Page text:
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Amazon: A Slower Pace Down the Road Ahead

Thomas Paulson
Oct 28, 2022
Amazon: A Slower Pace Down the Road Ahead

  • Amazon’s 3Q22 update and outlook reflected several of the trends described in Google’s and Meta’s business (including foreign exchanges headwinds, a lower outlook for AWS/cloud revenue, a significant pullback in consumer spending in Europe, and a deceleration in the U.S.). These factors each contributed to Amazon's 4Q22 outlook calling for only +2%-8% revenue growth in 4Q22.
  • As it relates to their U.S. retail business, Amazon's Prime event in July was strong (representing $2.2B in sales and over 150M items purchased in the U.S.), but trends decelerated from there. This deceleration can be seen in the fulfillment center (FC) activity that Placer.ai measures in the table below. Trucks departing Amazon's FCs were up 11.6% YoY in July but slowed to flat for September (a 12 ppt deceleration). Our data suggests that shifts worked by FC staff also decelerated 11 ppts. We estimate that units sold in the U.S. grew by the mid-teens, with the delta between unit growth and high-single-digit truck deployments and low-single-digit FC shifts worked explained by productivity. For the first time since pre-pandemic, Amazon produced leverage on both fulfillment and shipping expenses in North America.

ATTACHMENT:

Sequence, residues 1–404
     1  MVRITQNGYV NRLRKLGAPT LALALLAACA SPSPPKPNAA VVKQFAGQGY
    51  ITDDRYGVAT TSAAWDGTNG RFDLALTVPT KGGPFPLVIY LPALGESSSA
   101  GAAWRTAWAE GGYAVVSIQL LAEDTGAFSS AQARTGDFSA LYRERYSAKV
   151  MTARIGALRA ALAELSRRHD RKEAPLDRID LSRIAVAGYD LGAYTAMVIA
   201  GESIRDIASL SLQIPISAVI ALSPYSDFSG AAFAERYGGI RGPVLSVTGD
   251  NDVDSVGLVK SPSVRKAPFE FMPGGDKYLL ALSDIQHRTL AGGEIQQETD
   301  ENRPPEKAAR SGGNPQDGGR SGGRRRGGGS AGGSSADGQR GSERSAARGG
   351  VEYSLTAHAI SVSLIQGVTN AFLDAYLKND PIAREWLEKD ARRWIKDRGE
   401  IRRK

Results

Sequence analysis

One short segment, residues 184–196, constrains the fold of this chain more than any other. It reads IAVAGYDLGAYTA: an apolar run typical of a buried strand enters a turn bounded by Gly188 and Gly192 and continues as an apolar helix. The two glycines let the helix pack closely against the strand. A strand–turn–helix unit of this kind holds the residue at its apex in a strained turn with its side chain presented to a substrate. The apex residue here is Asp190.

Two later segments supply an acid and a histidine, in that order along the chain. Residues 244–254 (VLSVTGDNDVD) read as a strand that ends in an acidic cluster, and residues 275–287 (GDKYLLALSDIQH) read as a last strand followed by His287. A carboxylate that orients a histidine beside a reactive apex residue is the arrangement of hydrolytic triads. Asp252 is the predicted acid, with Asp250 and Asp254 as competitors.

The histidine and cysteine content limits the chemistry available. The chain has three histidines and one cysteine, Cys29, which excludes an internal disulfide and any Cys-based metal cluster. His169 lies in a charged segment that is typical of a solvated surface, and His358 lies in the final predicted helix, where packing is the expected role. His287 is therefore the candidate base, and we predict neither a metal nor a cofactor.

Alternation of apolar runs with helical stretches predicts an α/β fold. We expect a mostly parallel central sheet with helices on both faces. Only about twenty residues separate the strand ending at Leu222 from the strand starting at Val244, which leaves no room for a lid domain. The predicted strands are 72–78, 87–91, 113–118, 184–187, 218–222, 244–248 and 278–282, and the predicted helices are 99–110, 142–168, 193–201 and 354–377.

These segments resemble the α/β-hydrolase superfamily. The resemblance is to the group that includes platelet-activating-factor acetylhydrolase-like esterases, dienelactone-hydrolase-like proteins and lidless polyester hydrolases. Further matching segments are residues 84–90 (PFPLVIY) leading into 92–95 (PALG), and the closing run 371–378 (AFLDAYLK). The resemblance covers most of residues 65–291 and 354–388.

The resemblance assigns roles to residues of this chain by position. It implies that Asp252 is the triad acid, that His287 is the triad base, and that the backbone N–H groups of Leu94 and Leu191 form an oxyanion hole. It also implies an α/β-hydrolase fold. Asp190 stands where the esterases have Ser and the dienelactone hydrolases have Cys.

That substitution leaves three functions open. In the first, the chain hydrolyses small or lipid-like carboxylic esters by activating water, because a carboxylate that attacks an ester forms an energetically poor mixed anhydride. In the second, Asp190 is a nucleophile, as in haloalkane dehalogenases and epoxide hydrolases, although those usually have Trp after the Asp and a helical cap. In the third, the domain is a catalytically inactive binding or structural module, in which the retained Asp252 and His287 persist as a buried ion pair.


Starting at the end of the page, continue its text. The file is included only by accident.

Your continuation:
• As it relates to 4Q22 and the holiday season in the U.S., Amazon CFO Brian Olsavsky appeared to be relatively constructive on the U.S. consumer and didn’t cite any material pullback, just caution. Amazon intends to be aggressive this season to win more than their fair share of holiday spend by being fully in-stock, extra sharp on price, and extra fast in delivery. Olsavsky stated, “consumers are looking for deals,” and “we now offer the widest selection ever.” Implicit in management’s revenue outlook for 4Q22 is mid- to high-single revenue growth for the e-commerce business, with faster growth by third-party sellers.
  • Third-party seller revenue and units are growing faster than first-party sellers, as these SMB sellers are leaning into the Amazon marketplace to clear inventory and generate revenue. Amazon is where they can do that, compared to Google and Facebook. For the privilege of selling on Amazon, Amazon is charging sellers more for advertising to its consumers (a similar theme as last quarter); unlike all other digital advertising companies (Meta, Google, Snap, etc.), Amazon’s advertising business accelerated in 3Q22 to +30% growth from +21% last quarter.

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Thomas Paulson

Director of Research and Business Development, Placer.ai

Thomas Paulson spent 20 years as a Wall Street analyst and a member of asset management teams at AllianceBernstein and Cornerstone Capital, representing top-50 ownership positions including Target, Home Depot, Nike, Amazon, Google, and many more.

He brings consumer related expertise and knowledge of enterprises in retail, CPG, financial services, telecom, and entertainment.

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